Welcome to “The Most Interesting Recruiting Stories of the Week,” a weekly post that features talent acquisition insights and information from around the web to kick off your weekend. Here’s what’s of interest this week:
Why Are So Many Tech Companies Laying People Off Right Now?
“Didn’t they just have record-breaking profits?,” asks The Verge. This is a great article that offer some nuanced thinking on the subject.
ChatGPT Writes Recruiting Mail
Textio recently analyzed recruiting messages written in ChatGPT. Here are the findings.
80% of Workers Say They’re Not Likely to Apply for Jobs Without Salary Details
And almost as many say that it should be illegal not to include salary information in job posts, according to ResumeLab. What’s more, those with a higher education are likelier to desire salary disclosure in posts.
Time to Fill Slows to 11 Weeks
Hiring managers say it takes an average of 11 weeks to fill a vacant role, according to the Jan. 30 results of a Robert Half survey conducted in Q4 2022,” HR Dive reports. “That’s up from seven weeks in 2021.”
Cleveland Clinic Deploys Skills-Based Hiring Initiative
Read this case study about how talent acquisition leaders at the Cleveland Clinic are aiming to move away from static job requirements and instead focusing on skills needed to succeed in healthcare careers.
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Are We Done With the CV Gap Taboo?
“Following the pandemic, more of the workforce are having pauses in their careers,” the BBC reports, “and many employers are encouraging them to open up about their time away from the workplace.”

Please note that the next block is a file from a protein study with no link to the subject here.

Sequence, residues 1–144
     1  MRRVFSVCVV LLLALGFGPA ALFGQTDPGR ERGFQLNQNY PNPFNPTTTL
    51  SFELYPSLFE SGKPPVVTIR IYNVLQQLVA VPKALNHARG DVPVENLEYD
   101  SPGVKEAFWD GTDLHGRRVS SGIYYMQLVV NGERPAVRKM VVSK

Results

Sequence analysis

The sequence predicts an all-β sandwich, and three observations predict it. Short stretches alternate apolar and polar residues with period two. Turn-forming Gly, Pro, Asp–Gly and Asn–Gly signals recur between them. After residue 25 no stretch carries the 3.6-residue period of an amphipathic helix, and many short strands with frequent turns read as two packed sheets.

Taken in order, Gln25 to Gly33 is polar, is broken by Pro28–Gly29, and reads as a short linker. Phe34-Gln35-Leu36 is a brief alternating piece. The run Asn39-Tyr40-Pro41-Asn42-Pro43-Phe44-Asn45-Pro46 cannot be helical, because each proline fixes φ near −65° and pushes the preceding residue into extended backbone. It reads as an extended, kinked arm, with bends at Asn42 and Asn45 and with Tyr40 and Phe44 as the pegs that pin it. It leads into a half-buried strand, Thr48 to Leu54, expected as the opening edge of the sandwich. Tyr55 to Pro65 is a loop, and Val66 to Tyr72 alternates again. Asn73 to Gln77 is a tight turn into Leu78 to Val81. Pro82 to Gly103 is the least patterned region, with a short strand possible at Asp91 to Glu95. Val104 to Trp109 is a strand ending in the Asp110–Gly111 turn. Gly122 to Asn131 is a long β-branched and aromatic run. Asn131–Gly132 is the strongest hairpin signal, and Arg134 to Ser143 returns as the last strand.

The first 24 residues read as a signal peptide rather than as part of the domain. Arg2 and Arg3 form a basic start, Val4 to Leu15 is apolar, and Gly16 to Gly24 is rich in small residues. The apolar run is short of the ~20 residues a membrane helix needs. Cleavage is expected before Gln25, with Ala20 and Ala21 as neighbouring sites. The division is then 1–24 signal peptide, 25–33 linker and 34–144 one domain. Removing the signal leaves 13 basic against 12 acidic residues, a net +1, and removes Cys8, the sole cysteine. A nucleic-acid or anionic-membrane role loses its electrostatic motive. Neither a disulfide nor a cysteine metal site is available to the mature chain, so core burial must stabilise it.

America’s Fever of Workaholism Is Finally Breaking
“One of the weirdest economic stories of the past half century is what happened to rich Americans — and especially rich American men — at work,” begins this story in The Atlantic. “In general, poor people work more than wealthy people. This story is consistent across countries (for example, people in Cambodia work much more than people in Switzerland) and across time (for example, Germans in the 1950s worked almost twice as much as they do today).”
Employers Paying Hidden Costs for Recruitment in Tight Labor Market
“Tight labor markets that have persisted since the beginning of COVID are forcing American businesses to spend more and face greater costs of recruitment of hourly employees,” according to ALM Benefits Pro. “A new report from Bluecrew called, The True Cost of Recruitment and Employment, shows the real-life mark-up on recruiting and employing one $15/hour employee for a year is around 63%. Employers spend nearly $19,400 on taxes, insurance, benefits, recruiting, and ongoing management in one year.”
The Hiring of Sex Offenders
What should an employer do when it discovers that it is hiring or has just hired a sex offender? ERE’s new legal columnist, Jon Hyman, offers insights.